Live Music (“live” rhyming with “give” not “dive”) is the powerful third LP by The Strange Boys. Veering away from the format of their previous releases, it was recorded in two parts: Side A in Texas and Side B in California. Surprisingly the album does not feel disjointed; instead the fresh environment leaves no room for filler as each half explores its own quality, conjoined by the band’s distinctive sound.

Side A of Live Music is filled with the big riffs, hooks and licks we expected of their 2010 album Be Brave having heard the title track. The slipping drip of introductory piano plunk in ‘Me and You’ is an inviting start, and it is soon gently joined by a distorted guitar lick; synonymous of their sound. The verses are enthusiastically animated but break down into a slow considered chorus via a more gainful guitar riff on the bridge. It immediately emanates a fuller sound than Be Brave but their trademark lo-fi production; enhanced by Ryan Sambol’s dishevelled vocals, is still strong.

The opening track fades to the merry skip in the step of ‘Walking Two By Two’, which is happily licked by crisp guitar and harmonica riffs. The beat mellows at the introduction of ‘Doueh’ and sits on an individual chord for its opening bars. The chord transition is delicious when it arrives and vocals jump in alongside; a second guitar plays freely over the top, pressing lightly and with an enormous sense of enjoyment and escape. One of the most inviting factors by this point in the album is the sense of release that playing together seems to have on these musicians.

‘Punk’s Pyjamas’ has a rolling drum beat reminiscent of the Black Lips but coupled with that same distinctive harmonica style that keeps rearing its head throughout Side A of Live Music. The turbulence of this becomes somewhat subdued for the delicate ‘You and Me’, which introduces a moment of down time and a brief sojourn in this first half with reverberating instrumentals and more tender vocals: “I’ll be as small as I can." This moment is short lived; however; as ‘Omnia Boa’ pulls back that same rolling twisting drum from before, rebuilding in a secret whisper, bluesy guitar bending around the beat. Side A comes to a close via the slower Goat’s Head Soup style blues of ‘Mama Shelter’ and the murky Ganglians-esque ‘Saddest’. The movement within Saddest towards this dark mysterious sound forms an easy bridge to Side B.

The production and style of the songs on Side B leads to much more intimate listening. It still has that end of the night feel that could be found on much of Be Brave but without falling into the drawl of a complete drunken stupor that seemed to take over in the past. The sound quality becomes incredibly lo-fi; echoes and gravelly edges show the signs of this side having been recorded in a distillery; ultimately resonating like a social performance in a cellar.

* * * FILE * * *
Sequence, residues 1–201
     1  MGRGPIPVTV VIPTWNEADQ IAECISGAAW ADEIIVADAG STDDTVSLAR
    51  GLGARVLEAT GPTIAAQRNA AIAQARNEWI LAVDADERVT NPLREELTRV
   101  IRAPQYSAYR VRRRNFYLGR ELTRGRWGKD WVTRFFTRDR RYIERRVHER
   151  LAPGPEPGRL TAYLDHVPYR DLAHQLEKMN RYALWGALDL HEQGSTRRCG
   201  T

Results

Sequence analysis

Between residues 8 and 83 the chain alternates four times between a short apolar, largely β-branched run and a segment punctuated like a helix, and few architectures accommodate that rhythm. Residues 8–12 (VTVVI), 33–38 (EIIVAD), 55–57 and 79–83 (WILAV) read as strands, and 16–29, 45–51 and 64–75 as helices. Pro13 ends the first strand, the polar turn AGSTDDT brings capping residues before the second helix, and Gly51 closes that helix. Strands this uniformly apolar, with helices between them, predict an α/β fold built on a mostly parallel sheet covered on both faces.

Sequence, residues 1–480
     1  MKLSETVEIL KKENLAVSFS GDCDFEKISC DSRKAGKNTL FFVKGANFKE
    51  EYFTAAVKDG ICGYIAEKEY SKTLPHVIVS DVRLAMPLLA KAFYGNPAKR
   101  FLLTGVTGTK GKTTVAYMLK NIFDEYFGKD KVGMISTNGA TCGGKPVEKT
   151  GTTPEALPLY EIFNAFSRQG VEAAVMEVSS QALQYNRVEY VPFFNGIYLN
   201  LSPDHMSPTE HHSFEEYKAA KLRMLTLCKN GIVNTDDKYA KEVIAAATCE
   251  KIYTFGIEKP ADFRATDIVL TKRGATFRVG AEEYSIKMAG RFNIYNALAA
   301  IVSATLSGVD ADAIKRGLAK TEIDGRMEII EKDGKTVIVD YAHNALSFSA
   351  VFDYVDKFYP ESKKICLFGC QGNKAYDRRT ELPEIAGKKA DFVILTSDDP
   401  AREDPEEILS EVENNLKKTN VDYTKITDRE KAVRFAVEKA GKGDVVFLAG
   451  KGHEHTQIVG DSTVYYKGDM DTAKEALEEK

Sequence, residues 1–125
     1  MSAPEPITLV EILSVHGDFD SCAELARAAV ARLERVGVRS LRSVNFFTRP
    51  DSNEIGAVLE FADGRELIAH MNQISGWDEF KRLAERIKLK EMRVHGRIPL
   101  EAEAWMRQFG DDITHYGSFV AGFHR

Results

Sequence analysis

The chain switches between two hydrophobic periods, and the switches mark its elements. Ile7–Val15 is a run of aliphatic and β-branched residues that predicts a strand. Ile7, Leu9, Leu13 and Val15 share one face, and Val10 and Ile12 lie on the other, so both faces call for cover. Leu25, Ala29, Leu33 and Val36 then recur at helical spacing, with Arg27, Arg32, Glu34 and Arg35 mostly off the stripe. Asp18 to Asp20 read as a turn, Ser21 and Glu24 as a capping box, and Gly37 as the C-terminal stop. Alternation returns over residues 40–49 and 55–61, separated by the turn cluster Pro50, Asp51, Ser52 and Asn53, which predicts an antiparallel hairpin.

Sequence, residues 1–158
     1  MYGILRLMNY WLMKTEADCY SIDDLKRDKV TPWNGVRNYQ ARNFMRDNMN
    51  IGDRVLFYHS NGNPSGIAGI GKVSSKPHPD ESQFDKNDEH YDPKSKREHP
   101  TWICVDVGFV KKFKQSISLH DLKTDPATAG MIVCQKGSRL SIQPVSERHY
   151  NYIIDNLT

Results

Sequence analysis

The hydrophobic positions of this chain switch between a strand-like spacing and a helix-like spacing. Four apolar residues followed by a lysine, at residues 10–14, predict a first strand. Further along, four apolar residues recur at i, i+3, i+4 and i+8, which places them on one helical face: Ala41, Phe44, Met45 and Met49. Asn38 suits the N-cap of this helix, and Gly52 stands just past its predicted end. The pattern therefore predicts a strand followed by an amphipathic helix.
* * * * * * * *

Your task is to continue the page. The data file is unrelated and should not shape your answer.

Side B carries a more melancholy and at times morbid vibe, although Sambol’s ragged enunciation makes it difficult to understand his lyrics at times. The music does; however; accentuate the lyrics that do shine through. In ‘My Life Beats Me’ the line “Sometimes you can hear the ticking of the clock” is followed by a repeated chord in an alarm-like fashion and ‘Over the River and Through The Woulds’ rides on a structure you might have expected from The Band; but with sombre lyrics such as "You can always get another dog but you can’t choose when it dies" swirling through your consciousness for days to come.

‘Right Before’ almost sinks to the level of dirge sometimes apparent in Be Brave but is rescued by an emotional piano part and a crescendo of fervour. The piano has real character in this half of the album and also sticks out on the penultimate track: ‘You Take Everything For Granite When You Are Stone’. This song stands as a strong final statement by The Strange Boys; but they finish instead with ‘Opus’ a disjointed and psychedelic last dance; perhaps a musical self-applause; but a well deserved one.

This is a much more accomplished album than The Strange Boys’ previous effort and feels more considered. The decision to give the title a specific pronunciation does not seem to matter as either form of “live” is applicable. The sense of freedom in the musicianship makes it feel as though these songs are probably different every time they are played and these recordings only exist because someone happened to turn on a microphone. It is true nonetheless that this sense of freedom and release in these tracks could not be emulated by people who do not live music. It is by no means a perfect album and it wouldn’t be right if it was: Live Music has true soul and it is the energy that comes from this which has the biggest impact on every listen.